Bath time can feel like the Mommy Olympics for babies + toddlers. I know this all too well firsthand.
So, I set out to rewrite my definition of bath time so that it would serve me instead of stress me out. I wanted to enjoy bath time with my children, not just be jealous of them finding time for a bath everyday while I was on day 5 of dry shampoo.
I found that when I changed from looking at bath time as a “must do” to something that was a “nice to do”, I was able to look forward to the sleepy effects of bath time.
Here’s how I use bath time as a sleep cue:
P.S. — If you’re comfortable bathing with your baby — naked or in a bathing suit — feel free to jump in there! You can read about my baby bathing strategy here.
Essential Oil Scents
I used lavender scented epsom salts that doubled as aromatherapy for both of us. The calming scent would help lull her to sleep.
You can buy pre-scented epsom salts, or just add some essential oils to unscented epsom salts. Be sure to check essential oil safety guidelines before doing so, though, because I’m not an expert on the specifics of those!
I would then add lavender to an essential oil diffuser in our bedroom where we practice safe bedsharing. The “lavender” scent has become my daughter’s “sleepy scent” and it automatically cues her to rest, just like holding a special blanket, or listening to a special white noise would.
Music and Sound
Speaking of sound, when I wasn’t playing classical music, I would play a white noise track similar to our bedroom white noise machine by using my Amazon Prime Music app (which lets you download songs and play in offline mode).
Be careful not to lull yourself to sleep. I would often relax so much that doing the white noise in the bath could’ve been dangerous, so I stuck to classical music.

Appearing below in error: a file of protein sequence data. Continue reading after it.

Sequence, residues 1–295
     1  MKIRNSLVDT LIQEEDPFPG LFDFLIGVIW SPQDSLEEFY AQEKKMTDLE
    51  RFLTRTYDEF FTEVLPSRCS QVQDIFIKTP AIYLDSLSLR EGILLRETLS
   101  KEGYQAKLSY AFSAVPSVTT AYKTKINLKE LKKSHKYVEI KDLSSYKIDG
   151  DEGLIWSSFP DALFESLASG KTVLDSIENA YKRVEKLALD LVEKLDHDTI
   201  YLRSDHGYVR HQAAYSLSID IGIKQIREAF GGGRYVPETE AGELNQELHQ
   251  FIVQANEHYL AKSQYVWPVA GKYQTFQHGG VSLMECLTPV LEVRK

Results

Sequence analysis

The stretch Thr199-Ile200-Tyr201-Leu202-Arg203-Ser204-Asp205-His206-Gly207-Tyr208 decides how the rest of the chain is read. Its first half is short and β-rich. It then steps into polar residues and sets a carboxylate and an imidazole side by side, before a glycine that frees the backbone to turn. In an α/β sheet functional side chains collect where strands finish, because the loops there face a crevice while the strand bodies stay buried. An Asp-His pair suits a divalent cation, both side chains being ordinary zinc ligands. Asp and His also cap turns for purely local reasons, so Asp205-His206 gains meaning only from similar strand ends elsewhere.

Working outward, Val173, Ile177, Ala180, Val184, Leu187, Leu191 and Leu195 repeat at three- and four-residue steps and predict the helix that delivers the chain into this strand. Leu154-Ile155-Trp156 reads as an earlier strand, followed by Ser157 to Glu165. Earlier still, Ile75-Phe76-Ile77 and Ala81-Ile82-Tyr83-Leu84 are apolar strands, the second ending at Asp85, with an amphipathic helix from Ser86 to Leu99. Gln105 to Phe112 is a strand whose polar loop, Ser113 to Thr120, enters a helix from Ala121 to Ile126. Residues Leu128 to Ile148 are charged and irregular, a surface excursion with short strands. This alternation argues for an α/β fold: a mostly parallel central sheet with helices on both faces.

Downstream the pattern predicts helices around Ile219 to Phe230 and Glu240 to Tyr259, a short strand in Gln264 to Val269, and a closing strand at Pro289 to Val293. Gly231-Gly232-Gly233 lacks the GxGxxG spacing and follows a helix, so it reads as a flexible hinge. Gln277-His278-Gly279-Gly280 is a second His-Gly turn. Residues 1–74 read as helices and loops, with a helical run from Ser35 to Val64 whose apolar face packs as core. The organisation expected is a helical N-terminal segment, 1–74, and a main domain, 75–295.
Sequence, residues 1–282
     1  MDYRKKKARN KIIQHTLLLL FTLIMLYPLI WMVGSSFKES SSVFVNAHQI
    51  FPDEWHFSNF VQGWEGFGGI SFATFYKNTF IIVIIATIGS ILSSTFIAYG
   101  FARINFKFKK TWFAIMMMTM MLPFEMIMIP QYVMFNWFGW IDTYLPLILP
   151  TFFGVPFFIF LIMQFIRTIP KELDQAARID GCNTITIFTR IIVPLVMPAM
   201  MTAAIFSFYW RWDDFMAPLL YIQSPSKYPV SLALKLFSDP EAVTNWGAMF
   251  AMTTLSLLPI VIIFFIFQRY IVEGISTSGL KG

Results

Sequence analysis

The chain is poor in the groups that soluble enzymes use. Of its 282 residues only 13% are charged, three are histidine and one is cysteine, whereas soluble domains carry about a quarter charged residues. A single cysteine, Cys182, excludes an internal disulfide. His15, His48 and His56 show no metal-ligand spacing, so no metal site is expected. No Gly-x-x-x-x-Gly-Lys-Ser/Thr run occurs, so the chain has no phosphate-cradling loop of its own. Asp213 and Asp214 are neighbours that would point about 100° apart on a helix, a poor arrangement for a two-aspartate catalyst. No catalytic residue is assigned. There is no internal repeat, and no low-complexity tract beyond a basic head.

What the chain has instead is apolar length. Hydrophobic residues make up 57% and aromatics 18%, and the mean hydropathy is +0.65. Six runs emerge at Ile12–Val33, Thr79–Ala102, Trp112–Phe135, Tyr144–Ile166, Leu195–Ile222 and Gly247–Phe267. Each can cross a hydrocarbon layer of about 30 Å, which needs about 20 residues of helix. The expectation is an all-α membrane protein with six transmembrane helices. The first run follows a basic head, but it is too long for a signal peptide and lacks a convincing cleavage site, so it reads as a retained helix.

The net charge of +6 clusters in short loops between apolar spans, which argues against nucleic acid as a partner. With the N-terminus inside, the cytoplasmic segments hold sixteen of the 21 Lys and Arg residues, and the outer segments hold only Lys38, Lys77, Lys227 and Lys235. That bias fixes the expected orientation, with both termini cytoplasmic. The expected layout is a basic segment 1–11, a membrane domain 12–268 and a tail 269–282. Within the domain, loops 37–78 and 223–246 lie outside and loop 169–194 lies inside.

Note: If you haven’t gotten more than 5 hours of sleep the day before, then definitely don’t do the sleep cues.
Nurse in the Tub!
There’s no rule that says you can’t nurse in the bathtub. I actually loved nursing in the bath. I wouldn’t run the water higher than my bellybutton, so that when I reclined against the back of the tub, I could cradle baby in my arms and still have her well above water.
The skin-to-skin comfort pumps oxytocin for both mom and baby, so your milk supply is boosting, baby is getting a strong feed, and you’re both flushed with happy hormones. It’s one of the best feeds I would consistently have.
Tip: If you’re having a tough time with boosting supply, running warm/hot water over your breasts when you get in/out of the shower helps!
Getting Out Routine
Children thrive on order, so having a getting-out-of-the-tub routine is a great way to meet that need.
If baby is old enough, we ask them to help us “pull the plug” and we clean up bath toys as the water goes down the drain. Then repeat, “Kick your feet! Kick your feet! Kick your feet!” as we lift them up out of the tub and do a gentle rocking back and forth as we say “Drip dry! Drip dry! Drip dry!” We get so many laughs from those 2 silly little repeated lines!
Then baby gets swaddled in a towel, and since our bathroom is so tiny, we walk to the bedroom to get into a “sheep diaper” and “pajamas”.
The Honest Company sells sleep diapers with sheep on them, and apart from the extra absorbancy of these diapers, the visual cue that it’s time for a sleep diaper helps take away any explaining or toddler negotiating. Sheep diaper = sleep diaper, because we wear them before we go to sleep.
If you’re taking a daytime bath to breakup those long first year days, then bath time can be the prerequisite to a nap + you should still dress baby in pajamas.
Just change into play clothes when you do the wake up diaper change to signal that it’s waking time. The one extra step pays dividends, trust me!
How do you link bath time with sleep time?
What have you tried to make transitions easier? Share with me here or on Instagram. I’d love to learn from you!